Regarding chemical weapons, Powell said in his February 2003 UN speech the Administration's "conservative estimate" was that Saddam possessed 100 to 500 tons of "chemical weapons agent." The flawed NIE had not been as definitive. It noted that "we have little specific information on Iraq's CW stockpile," but it added that Saddam "probably" had 100 tons and "possibly" 500 tons. Tenet told his Georgetown audience that "initially the community was skeptical about whether Iraq had started chemical weapons agent production." But, he added, once analysts saw satellite photos of shipments from ammunition sites, they concluded that Iraq was cooking up chemical weapons. That view was not unanimous. In September 2002 the Defense Intelligence Agency reported, "There is no reliable information on whether Iraq is producing and stockpiling chemical weapons." And when Powell displayed satellite photos at the UN to back up his chemical weapons claims, independent analysts did not find them persuasive. Jonathan Tucker, a former weapons inspector who specialized in chemical weapons, said they probably indicated Saddam had some chemical weapons but "not huge amounts." Kelly Motz, another weapons specialist, said, "The evidence is still circumstantial and open to interpretation."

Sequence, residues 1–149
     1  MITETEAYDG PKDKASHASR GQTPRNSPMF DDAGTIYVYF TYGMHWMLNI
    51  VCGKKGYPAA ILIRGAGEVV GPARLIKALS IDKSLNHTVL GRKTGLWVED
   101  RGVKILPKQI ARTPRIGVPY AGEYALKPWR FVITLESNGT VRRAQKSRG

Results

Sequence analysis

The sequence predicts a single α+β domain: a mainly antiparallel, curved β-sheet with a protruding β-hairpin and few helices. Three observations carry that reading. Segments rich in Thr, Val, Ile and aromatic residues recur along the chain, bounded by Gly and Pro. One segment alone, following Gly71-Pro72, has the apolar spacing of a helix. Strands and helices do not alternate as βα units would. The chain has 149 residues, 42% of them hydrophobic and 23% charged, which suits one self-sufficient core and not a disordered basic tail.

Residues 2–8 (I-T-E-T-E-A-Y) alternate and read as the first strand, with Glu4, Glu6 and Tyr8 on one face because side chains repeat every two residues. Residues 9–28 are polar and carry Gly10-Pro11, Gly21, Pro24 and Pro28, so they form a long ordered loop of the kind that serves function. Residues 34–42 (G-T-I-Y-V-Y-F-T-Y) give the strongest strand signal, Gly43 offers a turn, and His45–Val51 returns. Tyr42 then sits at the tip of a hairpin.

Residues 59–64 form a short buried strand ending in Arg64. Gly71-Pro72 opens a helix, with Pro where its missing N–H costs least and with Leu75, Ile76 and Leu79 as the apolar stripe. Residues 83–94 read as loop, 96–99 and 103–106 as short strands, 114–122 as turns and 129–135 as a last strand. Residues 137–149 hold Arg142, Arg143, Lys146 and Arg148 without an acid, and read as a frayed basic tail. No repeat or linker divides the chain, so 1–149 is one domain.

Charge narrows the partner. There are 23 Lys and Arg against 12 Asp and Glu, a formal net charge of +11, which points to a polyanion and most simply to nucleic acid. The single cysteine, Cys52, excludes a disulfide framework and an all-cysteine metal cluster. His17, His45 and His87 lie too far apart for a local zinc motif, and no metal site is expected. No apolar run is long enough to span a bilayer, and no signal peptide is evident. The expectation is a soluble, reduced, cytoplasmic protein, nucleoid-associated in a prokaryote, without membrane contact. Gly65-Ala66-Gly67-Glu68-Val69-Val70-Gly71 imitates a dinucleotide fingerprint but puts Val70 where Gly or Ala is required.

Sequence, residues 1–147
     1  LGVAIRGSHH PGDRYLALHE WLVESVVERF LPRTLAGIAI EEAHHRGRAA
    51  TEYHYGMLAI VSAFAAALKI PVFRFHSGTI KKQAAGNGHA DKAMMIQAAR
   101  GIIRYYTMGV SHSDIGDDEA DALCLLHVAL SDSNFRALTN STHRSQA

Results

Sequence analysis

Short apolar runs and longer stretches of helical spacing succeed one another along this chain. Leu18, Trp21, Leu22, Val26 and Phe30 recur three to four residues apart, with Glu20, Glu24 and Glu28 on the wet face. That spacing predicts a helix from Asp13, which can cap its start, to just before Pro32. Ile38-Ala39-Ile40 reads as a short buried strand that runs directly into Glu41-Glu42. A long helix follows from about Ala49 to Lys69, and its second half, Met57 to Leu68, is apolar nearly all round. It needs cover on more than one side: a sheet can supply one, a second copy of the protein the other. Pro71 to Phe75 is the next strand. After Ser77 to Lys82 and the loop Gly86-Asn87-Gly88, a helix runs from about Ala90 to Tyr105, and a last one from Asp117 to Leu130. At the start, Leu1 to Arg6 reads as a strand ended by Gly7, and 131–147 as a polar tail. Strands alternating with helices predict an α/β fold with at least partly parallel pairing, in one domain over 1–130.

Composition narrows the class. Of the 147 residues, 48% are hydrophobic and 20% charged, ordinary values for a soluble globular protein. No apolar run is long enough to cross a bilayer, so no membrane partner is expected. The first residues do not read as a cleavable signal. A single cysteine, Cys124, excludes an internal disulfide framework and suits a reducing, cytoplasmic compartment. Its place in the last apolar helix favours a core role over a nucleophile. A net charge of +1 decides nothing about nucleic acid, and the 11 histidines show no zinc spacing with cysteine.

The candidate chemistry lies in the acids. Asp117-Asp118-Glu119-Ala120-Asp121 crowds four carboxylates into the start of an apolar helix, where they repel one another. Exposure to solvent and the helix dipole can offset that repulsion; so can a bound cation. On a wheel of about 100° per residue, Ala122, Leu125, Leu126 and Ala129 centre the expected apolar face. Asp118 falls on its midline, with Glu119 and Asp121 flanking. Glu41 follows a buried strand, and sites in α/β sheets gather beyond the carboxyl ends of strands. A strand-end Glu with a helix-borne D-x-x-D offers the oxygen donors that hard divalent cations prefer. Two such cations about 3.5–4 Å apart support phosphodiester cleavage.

Bush and Cheney were particularly brazen when they declared that Saddam was revving up efforts to develop a nuclear bomb. In August 2002 Cheney said, "We now know that Saddam has resumed his efforts to acquire nuclear weapons.... Many of us are convinced that Saddam will acquire nuclear weapons fairly soon." The next month Bush claimed a 1998 International Atomic Energy Agency report had said Iraq was six months away from producing a bomb. (No such report existed, and the IAEA in 1998 had said its inspectors destroyed the known components of Iraq's nuclear weapons program.) In December 2002 Bush said, "We don't know whether or not [Saddam] has a nuclear weapon"--a remark that suggested he might have one. But no sane intelligence analyst believed Saddam possessed such weapons. "We said Saddam Hussein did not have a nuclear weapon," Tenet recalled. And the NIE did not depict his program as an immediate threat. It noted that Iraq would probably only be able to produce a bomb by 2007 to 2009 "if left unchecked."